Early Exits

Back in January, I wrote about the oncoming era of the “small exit“. I felt then (and still do) that the combination of capital efficiency, the bad fit between traditional VC and today’s young startups, the sheer number of startups vs. amount of available capital (especially here in Canada) all pointed towards small exits. Vancouver-based Basil Peters has written a book on this topic which I recently had the pleasure of reading.

His book Early Exits covers his considerable personal experience as a founder, VC and now angel investor. His thesis for the book is as follows:

“Today, the optimum financial strategy for most technology entrepreneurs is to raise money from angels and plan for an early exit to a large company in just a few years for under $30M.”

There are many reasons why this message likely resonates with today’s tech entrepreneurs:

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Angels rock! Canadian Co-Investment Summit report


I attended the National Angel Organization‘s Co-Investment Summit on Friday in Toronto. This was my 1st time attending an Angel event and I was very impressed!

The Co-Investment Summit is an interesting concept. Startups that already have angel backing apply to present to other angels for follow on or co-investment. Before presenting, each startup gets introduced by their existing angel who endorses the company or investment opportunity to the other angels in the room.

Unlike investor events I have attended in the venture space, the attention and focus was on hearing from the entrepreneurs at this event. I had to so some work in the hallway for a period. It was a ghost town – as everyone was inside the auditorium hearing companies pitch.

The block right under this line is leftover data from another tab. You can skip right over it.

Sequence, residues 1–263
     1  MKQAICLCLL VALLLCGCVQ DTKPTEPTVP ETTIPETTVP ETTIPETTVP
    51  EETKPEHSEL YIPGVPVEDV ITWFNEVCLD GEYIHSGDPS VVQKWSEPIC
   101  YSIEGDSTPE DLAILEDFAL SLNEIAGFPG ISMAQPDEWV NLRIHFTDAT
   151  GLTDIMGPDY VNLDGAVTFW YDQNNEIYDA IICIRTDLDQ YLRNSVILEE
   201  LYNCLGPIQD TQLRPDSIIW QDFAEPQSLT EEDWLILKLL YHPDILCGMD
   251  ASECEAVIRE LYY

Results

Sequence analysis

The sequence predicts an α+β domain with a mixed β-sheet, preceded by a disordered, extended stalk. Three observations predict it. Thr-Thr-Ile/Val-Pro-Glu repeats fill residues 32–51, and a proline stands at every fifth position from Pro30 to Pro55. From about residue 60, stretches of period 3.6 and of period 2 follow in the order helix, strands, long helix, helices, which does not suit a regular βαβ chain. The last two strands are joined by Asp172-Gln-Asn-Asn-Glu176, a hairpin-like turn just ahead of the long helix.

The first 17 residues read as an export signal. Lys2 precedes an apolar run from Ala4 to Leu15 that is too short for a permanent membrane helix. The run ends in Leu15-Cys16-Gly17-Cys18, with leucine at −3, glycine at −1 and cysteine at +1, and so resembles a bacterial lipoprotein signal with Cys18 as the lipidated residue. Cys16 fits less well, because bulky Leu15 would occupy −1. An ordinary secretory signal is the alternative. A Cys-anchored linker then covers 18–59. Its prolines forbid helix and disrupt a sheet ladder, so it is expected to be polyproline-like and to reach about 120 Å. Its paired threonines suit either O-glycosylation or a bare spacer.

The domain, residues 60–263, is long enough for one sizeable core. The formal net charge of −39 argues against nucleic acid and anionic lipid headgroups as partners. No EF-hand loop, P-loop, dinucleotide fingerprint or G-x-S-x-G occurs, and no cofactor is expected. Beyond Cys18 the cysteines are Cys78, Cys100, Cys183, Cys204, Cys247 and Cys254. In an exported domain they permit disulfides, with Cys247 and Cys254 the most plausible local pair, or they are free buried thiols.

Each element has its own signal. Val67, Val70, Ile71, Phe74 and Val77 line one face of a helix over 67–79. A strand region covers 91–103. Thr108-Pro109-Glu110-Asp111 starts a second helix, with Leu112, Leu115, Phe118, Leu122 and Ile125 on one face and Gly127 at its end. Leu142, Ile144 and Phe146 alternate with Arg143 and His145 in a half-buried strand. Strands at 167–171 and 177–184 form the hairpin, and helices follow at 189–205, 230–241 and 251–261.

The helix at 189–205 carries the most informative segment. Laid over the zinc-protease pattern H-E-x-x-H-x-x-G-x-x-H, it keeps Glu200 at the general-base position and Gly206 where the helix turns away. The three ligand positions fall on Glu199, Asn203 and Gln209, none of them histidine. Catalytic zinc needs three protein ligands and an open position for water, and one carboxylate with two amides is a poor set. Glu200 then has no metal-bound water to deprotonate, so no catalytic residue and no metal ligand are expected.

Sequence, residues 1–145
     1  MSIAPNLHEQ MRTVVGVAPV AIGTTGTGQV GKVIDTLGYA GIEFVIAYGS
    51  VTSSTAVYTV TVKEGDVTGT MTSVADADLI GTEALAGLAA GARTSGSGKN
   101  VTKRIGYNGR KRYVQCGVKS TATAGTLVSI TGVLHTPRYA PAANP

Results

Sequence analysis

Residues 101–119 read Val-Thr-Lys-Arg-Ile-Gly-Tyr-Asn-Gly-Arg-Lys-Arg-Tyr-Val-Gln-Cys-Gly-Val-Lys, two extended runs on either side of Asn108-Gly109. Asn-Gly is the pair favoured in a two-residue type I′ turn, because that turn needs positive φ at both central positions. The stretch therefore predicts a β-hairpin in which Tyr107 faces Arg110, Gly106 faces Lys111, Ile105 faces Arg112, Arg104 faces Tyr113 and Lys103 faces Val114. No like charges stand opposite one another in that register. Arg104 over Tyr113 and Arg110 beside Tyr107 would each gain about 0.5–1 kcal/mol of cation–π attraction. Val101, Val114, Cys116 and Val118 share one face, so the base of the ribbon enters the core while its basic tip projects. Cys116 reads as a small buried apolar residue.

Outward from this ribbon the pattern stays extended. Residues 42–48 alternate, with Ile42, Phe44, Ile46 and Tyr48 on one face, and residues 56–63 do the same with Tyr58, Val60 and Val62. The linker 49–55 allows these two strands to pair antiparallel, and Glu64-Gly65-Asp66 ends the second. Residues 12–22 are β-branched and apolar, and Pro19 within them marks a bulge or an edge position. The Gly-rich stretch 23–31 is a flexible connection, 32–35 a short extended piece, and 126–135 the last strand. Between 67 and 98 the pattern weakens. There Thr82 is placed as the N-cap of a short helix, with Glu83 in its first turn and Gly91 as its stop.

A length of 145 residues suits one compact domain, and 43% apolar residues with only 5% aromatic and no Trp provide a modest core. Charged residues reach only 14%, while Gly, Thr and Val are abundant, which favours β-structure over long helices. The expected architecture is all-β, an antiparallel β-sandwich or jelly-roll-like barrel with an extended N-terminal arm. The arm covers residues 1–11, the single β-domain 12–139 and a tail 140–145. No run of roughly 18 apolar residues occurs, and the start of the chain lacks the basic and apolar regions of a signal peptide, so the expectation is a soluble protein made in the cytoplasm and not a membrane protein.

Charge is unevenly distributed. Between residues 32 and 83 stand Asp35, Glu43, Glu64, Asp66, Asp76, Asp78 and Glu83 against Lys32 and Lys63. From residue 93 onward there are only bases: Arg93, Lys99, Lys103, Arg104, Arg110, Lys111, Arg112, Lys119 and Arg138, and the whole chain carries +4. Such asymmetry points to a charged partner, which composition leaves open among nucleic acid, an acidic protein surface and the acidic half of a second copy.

The quality of the pitches and companies was also very high – especially given that most have raised relatively small amounts of capital to date. For the companies presenting, this event was a great opportunity as over 100 angels were in the audience.

Akoha was one of those companies – and I’m pleased to report it was chosen as one of the “top 5” companies by the angels.

As someone who’s spent most of his career on the venture side, I am positively impressed by what I am seeing as I learn more about the angel space. I’ll be following up with more posts on the angel scene soon.

The early stage funding gap

Silicon Alley Insider has a great post this week on the funding gap for early stage deals. Funds are waiting until an idea is fully baked (and market-validated) before investing. Here’s an excerpt from it:

Paul Graham from the YCombinator incubator put forth:

I’ve tried to explain this to VC firms. Instead of making one $2 million investment, make five $400k investments. Would that mean sitting on too many boards? Don’t sit on their boards. Would that mean too much due diligence? Do less. If you’re investing at a tenth the valuation, you only have to be a tenth as sure.

This illustrates a few themes that I’ve been posting about recently:

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The Term Sheet


It’s funny. When I talk to other startup types about term sheets, they are so casual about them, it seems like they receive one every other day. I’ve been fundraising for and growing startups for over 8 years now. Four companies and many more rounds later, term sheets are still a BIG deal to me.

There are different types of term sheets and a term sheet can mean many different things depending on who you talk to. For some VCs, it is little more than an initial expression of interest. These term sheets, which come too early in the process are not worth much.

For most VCs, term sheets are a serious sign of commitment. However, you still need to look at the closing conditions to see what, other than standard financial and legal stuff, is on their minds. Do they still have big questions about the team or the business? If so, this term sheet may be less of a commitment than you think.

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